The court may reduce a sentence within 120 days after the sentence is imposed, or within 120 days after receipt by the court of a mandate issued upon affirmance of the judgment or dismissal of the appeal, or within 120 days after entry of any order or judgment of the Supreme Court denying review of, or having the effect of upholding, a judgment of conviction Fed.R.Crim.P. 35(b).

5

The 120-day time limitation serves two policies: it protects judges against repeated importunities by those sentenced and it ensures that the court does not usurp the responsibilities of parole officials by retaining jurisdiction indefinitely and acting on the motion in light of the movant's conduct in prison. United States v. United States District Court, 509 F.2d 1352, 1356 n.6 (9th Cir.), cert. denied, 421 U.S. 962, 95 S.Ct. 1949, 44 L.Ed.2d 448 (1975); United States v. Stollings, 516 F.2d 1287, 1289 (4th Cir. 1975). Rule 45(b) provides that the 120-day time limit may not be extended by the court.1 Expiration of the allotted time therefore serves to divest the district court of jurisdiction over the motion for reduction of sentence. United States v. United States District Court, 509 F.2d at 1354; United States v. Addonizio, 442 U.S. 178, 189, 99 S.Ct. 2235, 2242, 60 L.Ed.2d 805 (1979) (dictum ).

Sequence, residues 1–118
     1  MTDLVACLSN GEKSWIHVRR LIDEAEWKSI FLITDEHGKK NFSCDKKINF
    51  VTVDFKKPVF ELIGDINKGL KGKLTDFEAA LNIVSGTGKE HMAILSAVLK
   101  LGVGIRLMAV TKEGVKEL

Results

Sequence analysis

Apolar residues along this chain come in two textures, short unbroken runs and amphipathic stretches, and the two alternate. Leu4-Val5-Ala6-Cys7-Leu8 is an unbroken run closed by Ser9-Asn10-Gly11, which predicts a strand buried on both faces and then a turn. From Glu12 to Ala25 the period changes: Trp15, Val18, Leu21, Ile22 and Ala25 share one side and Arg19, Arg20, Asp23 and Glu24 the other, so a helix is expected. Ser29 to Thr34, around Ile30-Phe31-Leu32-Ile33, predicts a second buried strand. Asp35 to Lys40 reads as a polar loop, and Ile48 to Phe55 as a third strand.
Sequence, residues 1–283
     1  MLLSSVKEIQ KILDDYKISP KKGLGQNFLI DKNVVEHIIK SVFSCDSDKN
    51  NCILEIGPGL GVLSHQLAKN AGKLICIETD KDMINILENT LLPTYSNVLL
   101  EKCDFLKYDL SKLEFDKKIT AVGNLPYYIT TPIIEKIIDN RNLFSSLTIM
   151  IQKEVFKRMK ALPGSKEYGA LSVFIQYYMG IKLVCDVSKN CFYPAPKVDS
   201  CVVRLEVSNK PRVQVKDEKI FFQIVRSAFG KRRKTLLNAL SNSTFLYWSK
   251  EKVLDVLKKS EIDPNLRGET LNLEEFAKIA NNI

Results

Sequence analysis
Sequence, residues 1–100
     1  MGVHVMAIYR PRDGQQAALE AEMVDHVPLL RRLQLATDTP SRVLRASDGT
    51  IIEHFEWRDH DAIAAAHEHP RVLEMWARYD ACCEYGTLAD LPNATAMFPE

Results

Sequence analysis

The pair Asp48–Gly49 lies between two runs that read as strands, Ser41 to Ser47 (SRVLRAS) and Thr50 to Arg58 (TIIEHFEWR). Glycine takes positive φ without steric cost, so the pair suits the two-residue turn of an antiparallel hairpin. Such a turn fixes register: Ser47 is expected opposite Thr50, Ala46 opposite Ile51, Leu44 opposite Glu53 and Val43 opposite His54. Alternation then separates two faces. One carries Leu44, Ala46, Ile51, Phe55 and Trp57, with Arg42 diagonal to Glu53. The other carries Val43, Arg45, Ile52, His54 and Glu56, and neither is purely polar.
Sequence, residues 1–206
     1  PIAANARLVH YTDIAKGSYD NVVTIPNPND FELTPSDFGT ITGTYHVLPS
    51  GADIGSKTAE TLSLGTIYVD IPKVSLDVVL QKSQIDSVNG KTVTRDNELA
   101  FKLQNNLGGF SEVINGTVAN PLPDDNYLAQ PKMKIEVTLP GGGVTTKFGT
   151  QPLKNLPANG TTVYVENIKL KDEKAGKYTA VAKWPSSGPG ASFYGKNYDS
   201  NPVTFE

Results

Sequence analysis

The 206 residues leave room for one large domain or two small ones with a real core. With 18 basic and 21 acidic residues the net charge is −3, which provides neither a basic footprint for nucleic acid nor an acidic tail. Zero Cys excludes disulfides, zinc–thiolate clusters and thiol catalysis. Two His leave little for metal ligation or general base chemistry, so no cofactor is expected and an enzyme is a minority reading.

6

The Rule's language, read literally, provides that the district court loses jurisdiction at the end of the 120-day period, regardless of when the motion was filed or of extenuating circumstances. See United States v. United States District Court, 509 F.2d at 1356; United States v. Mendoza, 565 F.2d 1285, 1287-88 (5th Cir. 1978), modified 581 F.2d 89 (5th Cir. 1978). Thus the plain meaning of the Rule forecloses consideration of a motion after expiration of the time limit, regardless of the movant's lack of control over the delay. Id.

7

This court and other appellate courts have mitigated the arbitrary operation of the Rule by treating the time limit with some flexibility, allowing district courts to retain jurisdiction over timely-filed motions for a "reasonable time" beyond the deadline.2 See, e. g., United States v. United States District Court, 509 F.2d at 1356; United States v. Mendoza, 565 F.2d at 1291; United States v. Stollings, 516 F.2d 1287, 1289 (4th Cir. 1975). Such flexibility is bounded by the language and purposes of Rule 35(b). United States v. United States District Court, 509 F.2d at 1356.

8